Frank Algernon Cowperwood, only in this case the name 
of Aileen Butler had curiously been omitted. 
Perhaps you don't know that your husband is running with an- 
other woman. If you don't believe it, watch the house at 931 
North Tenth Street. 
Mrs. Cowperwood was in the conservatory of her own 
home watering some plants when this letter was brought 
by her maid on this fatal Monday morning. She was 
most placid in her thoughts, for she did not know what 
all the conferring of the night before meant. Frank was 
occasionally troubled by financial storms, but they did 
not seem to harm him. 
" Lay it on the table in the library, Annie. I'll get it." 
She thought it was some social note. 
In a little while, such was her deliberate way, she put 
down her sprinkling-pot and went into the library. There 
it was lying on the green leather sheepskin which con- 
stituted a part of the ornamentation of the large library 
table. She picked it up, glanced at it curiously because it 
was on cheap paper, and then opened it. Her face, al-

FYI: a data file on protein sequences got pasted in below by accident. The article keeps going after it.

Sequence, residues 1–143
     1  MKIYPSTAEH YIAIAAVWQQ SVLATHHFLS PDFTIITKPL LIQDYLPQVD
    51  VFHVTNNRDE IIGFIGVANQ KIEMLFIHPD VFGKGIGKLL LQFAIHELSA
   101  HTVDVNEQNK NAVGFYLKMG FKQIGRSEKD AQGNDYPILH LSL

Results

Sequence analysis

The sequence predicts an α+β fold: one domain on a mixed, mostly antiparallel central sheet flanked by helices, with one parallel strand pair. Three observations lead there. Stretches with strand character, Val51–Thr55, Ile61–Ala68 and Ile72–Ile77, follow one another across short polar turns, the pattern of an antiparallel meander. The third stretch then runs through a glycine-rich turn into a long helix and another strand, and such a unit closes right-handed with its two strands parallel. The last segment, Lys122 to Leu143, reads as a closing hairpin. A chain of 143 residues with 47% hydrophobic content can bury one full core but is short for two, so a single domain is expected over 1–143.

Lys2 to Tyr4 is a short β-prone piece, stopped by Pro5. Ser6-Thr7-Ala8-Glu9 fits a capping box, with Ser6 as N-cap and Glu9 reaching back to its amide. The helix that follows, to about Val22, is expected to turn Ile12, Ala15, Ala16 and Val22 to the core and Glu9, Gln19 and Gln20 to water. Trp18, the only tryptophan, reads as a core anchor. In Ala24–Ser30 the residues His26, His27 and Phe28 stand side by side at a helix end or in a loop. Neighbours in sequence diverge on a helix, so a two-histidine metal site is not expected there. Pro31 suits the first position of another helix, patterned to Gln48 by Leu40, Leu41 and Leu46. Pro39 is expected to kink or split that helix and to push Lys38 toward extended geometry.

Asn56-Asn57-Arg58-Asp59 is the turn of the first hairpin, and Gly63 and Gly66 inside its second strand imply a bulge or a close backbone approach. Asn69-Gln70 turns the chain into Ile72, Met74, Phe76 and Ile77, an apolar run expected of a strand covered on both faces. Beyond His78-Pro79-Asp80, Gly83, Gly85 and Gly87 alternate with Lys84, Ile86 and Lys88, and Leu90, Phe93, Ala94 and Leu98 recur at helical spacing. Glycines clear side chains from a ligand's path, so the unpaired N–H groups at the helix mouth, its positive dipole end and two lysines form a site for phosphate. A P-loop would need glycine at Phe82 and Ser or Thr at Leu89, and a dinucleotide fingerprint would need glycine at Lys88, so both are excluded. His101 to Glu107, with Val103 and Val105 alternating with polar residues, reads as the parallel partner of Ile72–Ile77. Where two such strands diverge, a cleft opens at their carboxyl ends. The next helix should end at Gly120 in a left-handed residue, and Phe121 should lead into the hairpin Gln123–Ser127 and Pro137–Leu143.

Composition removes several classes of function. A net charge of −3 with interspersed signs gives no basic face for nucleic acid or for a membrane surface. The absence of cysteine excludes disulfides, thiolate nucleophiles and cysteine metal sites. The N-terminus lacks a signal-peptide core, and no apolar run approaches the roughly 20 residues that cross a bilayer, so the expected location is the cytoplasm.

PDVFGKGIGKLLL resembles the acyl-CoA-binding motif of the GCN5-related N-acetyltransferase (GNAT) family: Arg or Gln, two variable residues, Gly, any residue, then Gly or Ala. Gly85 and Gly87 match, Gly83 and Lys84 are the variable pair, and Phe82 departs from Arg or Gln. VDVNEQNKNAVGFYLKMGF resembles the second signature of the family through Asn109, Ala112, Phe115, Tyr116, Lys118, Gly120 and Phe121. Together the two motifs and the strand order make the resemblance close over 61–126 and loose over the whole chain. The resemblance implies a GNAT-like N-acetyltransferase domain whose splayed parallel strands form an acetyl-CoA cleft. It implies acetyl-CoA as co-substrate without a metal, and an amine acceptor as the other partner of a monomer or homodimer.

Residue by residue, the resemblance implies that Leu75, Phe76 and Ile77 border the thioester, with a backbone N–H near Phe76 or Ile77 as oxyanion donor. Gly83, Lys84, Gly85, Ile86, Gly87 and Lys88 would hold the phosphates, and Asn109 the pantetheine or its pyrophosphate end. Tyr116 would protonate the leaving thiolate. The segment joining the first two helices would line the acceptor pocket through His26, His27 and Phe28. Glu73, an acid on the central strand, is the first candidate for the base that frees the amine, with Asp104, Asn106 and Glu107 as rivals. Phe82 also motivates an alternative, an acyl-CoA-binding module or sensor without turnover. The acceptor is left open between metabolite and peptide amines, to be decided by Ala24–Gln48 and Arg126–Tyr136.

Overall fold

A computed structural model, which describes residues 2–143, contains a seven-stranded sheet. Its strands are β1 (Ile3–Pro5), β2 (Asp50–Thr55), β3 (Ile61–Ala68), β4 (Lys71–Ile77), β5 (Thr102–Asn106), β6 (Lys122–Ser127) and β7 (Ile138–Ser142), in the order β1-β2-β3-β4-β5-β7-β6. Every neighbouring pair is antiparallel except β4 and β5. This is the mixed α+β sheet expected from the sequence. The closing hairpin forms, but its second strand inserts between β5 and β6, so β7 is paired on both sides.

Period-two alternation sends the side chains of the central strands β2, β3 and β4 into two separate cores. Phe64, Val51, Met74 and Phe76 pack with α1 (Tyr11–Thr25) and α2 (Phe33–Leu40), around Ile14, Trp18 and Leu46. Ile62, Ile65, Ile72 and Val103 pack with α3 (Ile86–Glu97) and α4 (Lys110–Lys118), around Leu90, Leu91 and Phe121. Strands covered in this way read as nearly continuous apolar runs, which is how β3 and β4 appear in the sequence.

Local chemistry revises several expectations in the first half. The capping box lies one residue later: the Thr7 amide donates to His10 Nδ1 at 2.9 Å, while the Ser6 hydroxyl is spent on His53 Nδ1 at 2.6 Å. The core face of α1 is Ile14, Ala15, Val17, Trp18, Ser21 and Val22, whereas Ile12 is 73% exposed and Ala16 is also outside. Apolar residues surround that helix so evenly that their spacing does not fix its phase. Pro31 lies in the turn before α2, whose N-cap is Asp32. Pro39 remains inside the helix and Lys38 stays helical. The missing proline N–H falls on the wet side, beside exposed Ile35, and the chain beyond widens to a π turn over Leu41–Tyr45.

ways placid, paled slightly as she read it; and then her 
hand trembled—not much. Hers was not a soul that 
ever loved passionately, hence she could not suffer pas- 
sionately. She was hurt, disgusted, enraged some for the 
moment, and frightened; but she was not broken in spirit 
entirely. Thirteen years of life with Frank Cowperwood 
had taught her a number of things. He was selfish, she 
knew now, self-centered, and not as much charmed by 
her now as he had been. The fear she had originally 
felt as to the effect of her preponderance of years had 
been to some extent justified by the lapse of time. Frank 
did not love her as he had—he had not for some time; 
she had felt it. What was it? she had asked herself at 
times—almost, who was it ? Business was so engrossing 
to him. Finance was such a master. Did this mean the 
end of her regime? she queried. Would he cast her off?